Mapping Psychic Reality: Triangulation, Communication, and Insight

Editor : James Rose

Part of The Psychoanalytic Ideas Series - more in this series

Mapping Psychic Reality: Triangulation, Communication, and Insight

Book Details

  • Publisher : Karnac Books
  • Published : 2011
  • Cover : Paperback
  • Pages : 304
  • Category :
    Psychoanalysis
  • Catalogue No : 29455
  • ISBN 13 : 9781855758148
  • ISBN 10 : 1855758148
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This book is about how we can deepen our understanding of subjectivity through the use of the concept of triangulation. Fundamentally, this book seeks to address the question of how we can be objective about subjectivity. If psychology, as a scientific discipline, is concerned with the study of human experience, which is essentially subjective; then we are faced with the problem of how apply the scientific method, as it is commonly understood. If experience is essentially unique to the experiencer, then there seems to be a basic incompatibility with the scientific method. As currently practised, this method searches for psychic phenomena, which can be validly measured e.g. intelligence; showing a range of individual differences. But this does not enable us to examine individual experience. An individual's experience seems to become impenetrable because generalisation across different individuals' experience entails the loss of individuality in the generalisation. Thus, in using the scientific method as it usually understood, we lose the very matter we are trying to study. This leaves us with the question of how we are going to advance our inquiry.

Reviews and Endorsements

'This is an important book, which tackles, both with theoretical and clinical papers, the complex question about how we can be objective about our subjective experience. The concepts of "triangulation" and "the third" provide ways of trying to organize answers to this question. Indeed, the book itself provides a "third" area; a space where one can seriously consider and observe the nature of the psychoanalytic experience from a point of view that takes account of both the subjective experience of patient and analyst while also trying to think objectively about their experience, in ways that are consistent with psychoanalytic thinking. To do this, various authors have drawn on psychology, philosophy, history, natural science, and mathematics, as well as turning specific attention to the psychoanalytic relationship. It is an impressive collection, which I would very much recommend.'
- Dr Roger Kennedy, Training Analyst and Past President British Psychoanalytical Society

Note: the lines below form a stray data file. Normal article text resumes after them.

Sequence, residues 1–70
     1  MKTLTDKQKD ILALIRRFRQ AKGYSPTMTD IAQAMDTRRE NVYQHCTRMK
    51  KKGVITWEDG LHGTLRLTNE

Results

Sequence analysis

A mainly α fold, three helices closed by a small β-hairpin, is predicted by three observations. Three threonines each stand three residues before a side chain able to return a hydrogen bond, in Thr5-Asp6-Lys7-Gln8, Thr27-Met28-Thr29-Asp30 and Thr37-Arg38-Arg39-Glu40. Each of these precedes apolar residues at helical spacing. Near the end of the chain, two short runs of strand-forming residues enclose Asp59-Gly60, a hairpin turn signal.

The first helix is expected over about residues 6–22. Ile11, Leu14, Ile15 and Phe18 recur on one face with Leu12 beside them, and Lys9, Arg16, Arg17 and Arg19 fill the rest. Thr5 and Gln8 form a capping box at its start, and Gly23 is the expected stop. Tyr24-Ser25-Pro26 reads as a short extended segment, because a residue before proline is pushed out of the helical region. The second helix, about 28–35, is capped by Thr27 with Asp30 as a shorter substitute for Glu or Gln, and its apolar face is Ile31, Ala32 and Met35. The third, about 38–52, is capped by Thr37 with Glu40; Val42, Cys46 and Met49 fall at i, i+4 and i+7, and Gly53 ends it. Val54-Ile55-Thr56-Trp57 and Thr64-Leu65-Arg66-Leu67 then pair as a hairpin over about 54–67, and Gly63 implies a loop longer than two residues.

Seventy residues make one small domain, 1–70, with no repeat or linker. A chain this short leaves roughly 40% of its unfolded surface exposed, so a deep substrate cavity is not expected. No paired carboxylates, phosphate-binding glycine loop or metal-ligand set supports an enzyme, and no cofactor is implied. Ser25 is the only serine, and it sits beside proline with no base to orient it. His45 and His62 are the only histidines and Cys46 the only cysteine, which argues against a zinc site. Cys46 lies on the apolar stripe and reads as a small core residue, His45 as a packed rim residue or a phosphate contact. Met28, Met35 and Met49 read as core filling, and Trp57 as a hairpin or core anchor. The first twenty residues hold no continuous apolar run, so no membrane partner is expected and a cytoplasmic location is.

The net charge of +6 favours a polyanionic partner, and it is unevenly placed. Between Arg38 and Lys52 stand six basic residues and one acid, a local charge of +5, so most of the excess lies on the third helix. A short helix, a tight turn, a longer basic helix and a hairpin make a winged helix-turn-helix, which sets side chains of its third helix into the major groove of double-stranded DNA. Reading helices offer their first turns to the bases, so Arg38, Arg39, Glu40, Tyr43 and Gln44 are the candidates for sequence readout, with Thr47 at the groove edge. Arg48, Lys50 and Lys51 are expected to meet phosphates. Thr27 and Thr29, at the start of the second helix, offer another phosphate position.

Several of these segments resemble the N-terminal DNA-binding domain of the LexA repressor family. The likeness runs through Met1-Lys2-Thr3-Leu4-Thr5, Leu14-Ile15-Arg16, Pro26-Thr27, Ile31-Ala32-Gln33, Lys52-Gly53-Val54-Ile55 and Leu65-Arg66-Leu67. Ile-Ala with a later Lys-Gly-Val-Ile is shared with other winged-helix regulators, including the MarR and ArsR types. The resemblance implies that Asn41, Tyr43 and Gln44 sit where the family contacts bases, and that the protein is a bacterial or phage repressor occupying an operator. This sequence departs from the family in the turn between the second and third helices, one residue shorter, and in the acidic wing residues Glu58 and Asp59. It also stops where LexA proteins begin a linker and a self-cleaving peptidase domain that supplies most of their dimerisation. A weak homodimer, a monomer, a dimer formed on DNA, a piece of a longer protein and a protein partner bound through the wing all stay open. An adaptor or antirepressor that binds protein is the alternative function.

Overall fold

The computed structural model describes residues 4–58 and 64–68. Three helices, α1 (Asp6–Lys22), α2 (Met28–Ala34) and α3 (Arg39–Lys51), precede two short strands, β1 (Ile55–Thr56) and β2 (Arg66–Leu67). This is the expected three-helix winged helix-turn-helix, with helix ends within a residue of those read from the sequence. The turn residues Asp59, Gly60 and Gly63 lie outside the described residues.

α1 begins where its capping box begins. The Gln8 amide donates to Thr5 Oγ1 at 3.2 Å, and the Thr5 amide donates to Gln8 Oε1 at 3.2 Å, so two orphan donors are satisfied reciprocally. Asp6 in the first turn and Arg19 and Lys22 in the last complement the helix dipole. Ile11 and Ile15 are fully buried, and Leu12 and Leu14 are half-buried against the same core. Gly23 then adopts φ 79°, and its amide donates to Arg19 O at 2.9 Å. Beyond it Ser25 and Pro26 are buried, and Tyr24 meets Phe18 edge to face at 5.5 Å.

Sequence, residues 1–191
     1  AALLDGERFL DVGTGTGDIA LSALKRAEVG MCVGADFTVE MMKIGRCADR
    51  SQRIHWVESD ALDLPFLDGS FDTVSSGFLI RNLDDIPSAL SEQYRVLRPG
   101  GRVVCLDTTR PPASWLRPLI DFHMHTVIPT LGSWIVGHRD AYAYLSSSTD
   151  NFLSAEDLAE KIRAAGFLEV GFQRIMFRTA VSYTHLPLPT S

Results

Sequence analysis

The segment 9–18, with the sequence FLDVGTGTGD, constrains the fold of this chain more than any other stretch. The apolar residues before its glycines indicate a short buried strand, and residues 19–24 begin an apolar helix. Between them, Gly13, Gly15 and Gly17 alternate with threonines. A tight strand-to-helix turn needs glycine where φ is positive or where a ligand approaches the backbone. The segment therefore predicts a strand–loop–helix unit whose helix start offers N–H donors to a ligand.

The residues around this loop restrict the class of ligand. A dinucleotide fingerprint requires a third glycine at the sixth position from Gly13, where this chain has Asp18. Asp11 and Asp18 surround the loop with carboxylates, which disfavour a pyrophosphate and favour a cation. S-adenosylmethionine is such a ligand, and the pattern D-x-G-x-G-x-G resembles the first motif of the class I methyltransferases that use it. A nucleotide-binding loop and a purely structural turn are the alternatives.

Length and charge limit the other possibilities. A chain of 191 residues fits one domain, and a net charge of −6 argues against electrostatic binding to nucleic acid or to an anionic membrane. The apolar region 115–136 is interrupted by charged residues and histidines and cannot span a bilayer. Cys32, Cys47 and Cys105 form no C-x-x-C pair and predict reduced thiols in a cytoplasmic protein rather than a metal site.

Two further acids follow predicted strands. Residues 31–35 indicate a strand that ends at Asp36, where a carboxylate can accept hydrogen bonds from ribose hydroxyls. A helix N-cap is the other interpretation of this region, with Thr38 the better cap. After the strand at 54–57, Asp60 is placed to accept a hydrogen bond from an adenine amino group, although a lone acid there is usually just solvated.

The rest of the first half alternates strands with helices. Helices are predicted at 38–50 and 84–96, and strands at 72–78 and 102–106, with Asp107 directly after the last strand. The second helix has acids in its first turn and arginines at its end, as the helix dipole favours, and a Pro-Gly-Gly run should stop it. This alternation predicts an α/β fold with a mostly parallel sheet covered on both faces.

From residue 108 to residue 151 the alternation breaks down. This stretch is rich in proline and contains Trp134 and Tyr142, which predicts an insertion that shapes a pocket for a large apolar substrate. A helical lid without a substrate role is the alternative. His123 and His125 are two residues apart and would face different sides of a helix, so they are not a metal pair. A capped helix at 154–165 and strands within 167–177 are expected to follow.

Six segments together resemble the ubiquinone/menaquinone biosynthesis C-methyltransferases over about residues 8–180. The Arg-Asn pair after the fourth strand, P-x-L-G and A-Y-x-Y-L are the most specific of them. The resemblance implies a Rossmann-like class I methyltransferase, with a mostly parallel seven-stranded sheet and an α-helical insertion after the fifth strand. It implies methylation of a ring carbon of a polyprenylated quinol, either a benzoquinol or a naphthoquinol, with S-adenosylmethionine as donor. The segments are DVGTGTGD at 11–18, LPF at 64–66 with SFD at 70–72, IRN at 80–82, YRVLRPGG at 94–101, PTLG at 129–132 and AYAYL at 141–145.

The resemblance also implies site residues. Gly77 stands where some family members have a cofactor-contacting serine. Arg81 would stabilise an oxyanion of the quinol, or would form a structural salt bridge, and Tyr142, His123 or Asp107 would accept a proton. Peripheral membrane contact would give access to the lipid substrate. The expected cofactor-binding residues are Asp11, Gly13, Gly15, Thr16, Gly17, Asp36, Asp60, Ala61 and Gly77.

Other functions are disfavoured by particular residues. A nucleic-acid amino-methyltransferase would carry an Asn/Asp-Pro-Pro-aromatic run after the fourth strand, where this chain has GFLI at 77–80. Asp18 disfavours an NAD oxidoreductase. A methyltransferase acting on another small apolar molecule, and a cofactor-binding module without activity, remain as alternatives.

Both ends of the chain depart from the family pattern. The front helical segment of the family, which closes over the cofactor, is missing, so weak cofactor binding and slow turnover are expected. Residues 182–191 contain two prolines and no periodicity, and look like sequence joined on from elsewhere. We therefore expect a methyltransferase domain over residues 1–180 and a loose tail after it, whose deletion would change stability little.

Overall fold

Contents
ACKNOWLEDGEMENTS; ABOUT THE EDITOR; INTRODUCTION
PART I: TRIANGULATION, COMMUNICATION, AND INSIGHT
Introduction
CHAPTER ONE: Experimental psychology and psychoanalysis: what we can learn from a century of misunderstanding - Paul Whittle
CHAPTER TWO: The third: a brief historical analysis of an idea - Charles M. T. Hanly
CHAPTER THREE: Triangulation, one's own mind, and objectivity - Marcia Cavell
CHAPTER FOUR: Subjectivity, objectivity, and triangular space - Ronald Britton
PART II: TRIANGULATION IN THE TEMPORAL DIMENSION
Introduction
CHAPTER FIVE: Consultation or assessment: engagement and treatment decisions in psychotherapy with young people in a community-based setting - James S. Rose
CHAPTER SIX: Is twice a week enough? Thinking about the number of sessions per week as a determinant of the intensity of psychoanalytic psychotherapy - James S. Rose
PART III: TRIANGULATION IN THE PSYCHOANALYTIC SETTING
Introduction
CHAPTER SEVEN: Distortions of time in the transference: some clinical and theoretical implications - James S. Rose
CHAPTER EIGHT: Symbols and their function in managing the anxiety of change: an intersubjective approach - James S. Rose
CHAPTER NINE: The presence of absence in the transference: some clinical, countertransference, and metapsychological implications - James S. Rose
CHAPTER TEN: Couples, doubles, and absence: some thoughts on the psychoanalytical process considered as a learning system - James S. Rose
PART IV: SOME METAPSYCHOLOGICAL SPECULATIONS AND SOME TECHNICAL
CONCLUSIONS
Reflections and summary
INDEX

About the Editor(s)

James Rose, PhD, is a Fellow of the Institute of Psychoanalysis and a member of the British Psychoanalytical Society. He has a private psychoanalytic practice in London. Since 1987 he has worked as a psychoanalytic psychotherapist at the Brandon Centre for Counselling and Psychotherapy for Young People, an inner city charity specializing in the psychotherapeutic treatment of adolescents and young adults, situated in Kentish Town, London.

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